Make the Market Come to You

With a growing number graduated DIG farmers who are seeing their small vegetable plots as an entrepreneurial opportunity, DIG decided to established an organic vegetable stall at our partner hospital, Lwala Community Alliance (LCA), to create a new link to the local market economy.

With no other markets nearby, the stall offers a point of sale for DIG-trained farmers to market their vegetables twice a week to LCA hospital staff, patients, and other neighboring residents. The success of the stall has been tremendous and DIG is considering opening other satellite stalls throughout the area.  Syprose Anyango, a 32-year-old mother of 5, is one of the farmers who has consistently sold organic produce at the LCA stall, and this is her story.

Having lived in the area since 1996, Syprose joined DIG’s young mothers garden club last year. She went through 5 months of DIG training on sustainable farming practices with a strong focus on nutrition. She graduated in December 2015, and immediately started implementing the things she learned from DIG in her own garden at home.

Today, her 1/8 of an acre vegetable farm is thriving. She uses the produce both for her own household consumption but also to generate income. Syprose never saw herself as a business woman, but that’s rapidly changing. One day a week since January 2016 she has supplied the DIG organic vegetable stall with quality fresh produce for sale. Her sales earn her an average of $15 a day, or $60 a month.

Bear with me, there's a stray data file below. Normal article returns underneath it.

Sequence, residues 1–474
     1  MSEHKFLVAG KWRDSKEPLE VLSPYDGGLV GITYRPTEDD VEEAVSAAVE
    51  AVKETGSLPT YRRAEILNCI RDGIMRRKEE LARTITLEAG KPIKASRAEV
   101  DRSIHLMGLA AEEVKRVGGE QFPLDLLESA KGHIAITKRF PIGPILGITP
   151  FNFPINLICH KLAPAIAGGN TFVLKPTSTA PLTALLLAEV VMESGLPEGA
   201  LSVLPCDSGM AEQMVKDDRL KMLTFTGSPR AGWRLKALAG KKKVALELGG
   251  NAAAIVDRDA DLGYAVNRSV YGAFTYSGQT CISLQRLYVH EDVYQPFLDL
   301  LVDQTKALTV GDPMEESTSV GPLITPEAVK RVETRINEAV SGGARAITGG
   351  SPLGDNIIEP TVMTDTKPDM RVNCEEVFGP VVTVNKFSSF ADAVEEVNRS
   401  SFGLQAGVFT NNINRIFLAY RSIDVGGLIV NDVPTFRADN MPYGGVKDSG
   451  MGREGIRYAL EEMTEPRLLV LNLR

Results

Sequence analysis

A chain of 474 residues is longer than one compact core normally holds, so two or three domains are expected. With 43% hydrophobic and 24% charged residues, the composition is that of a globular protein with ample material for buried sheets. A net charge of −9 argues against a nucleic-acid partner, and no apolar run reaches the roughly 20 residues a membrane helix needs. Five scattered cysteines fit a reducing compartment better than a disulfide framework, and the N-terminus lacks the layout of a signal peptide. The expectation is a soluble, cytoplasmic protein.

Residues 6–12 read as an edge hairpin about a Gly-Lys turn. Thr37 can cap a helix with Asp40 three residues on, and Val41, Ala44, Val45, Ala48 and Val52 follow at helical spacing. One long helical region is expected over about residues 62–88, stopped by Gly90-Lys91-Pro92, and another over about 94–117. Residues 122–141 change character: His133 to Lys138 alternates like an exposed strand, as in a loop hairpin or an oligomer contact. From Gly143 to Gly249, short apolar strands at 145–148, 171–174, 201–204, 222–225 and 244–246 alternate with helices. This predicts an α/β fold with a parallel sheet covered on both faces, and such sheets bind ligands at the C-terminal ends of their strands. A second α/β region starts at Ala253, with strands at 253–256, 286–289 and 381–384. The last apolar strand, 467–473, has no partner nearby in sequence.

Syprose says, “DIG’s organic vegetable stall has been of great help to me; I am always able to make a large sale once every week in only a couple hours. Selling all my vegetables through my farm gate and local market would not have given me as much. For example, if I had taken these vegetables to a retailer in the market I would only have gotten $3 or $4 dollars (ksh 350). Moreover, at the DIG stall I weigh my vegetables so I know how much income I should earn.”

Syprose says the money she earns from her vegetable sales helps her pay for school fees and supplies for her daughter. An opportunity she’s passionate about providing for all 5 of her children.

Looking forward, Syprose has plans to enlarge her farm, practice scheduled production, and take advantage of peak sales so she can increase her earning and eventually pay the school fees for her 4 other children.
“I am glad to have learnt farming techniques from DIG. My life has really changed. You can say that I am now self-employed.”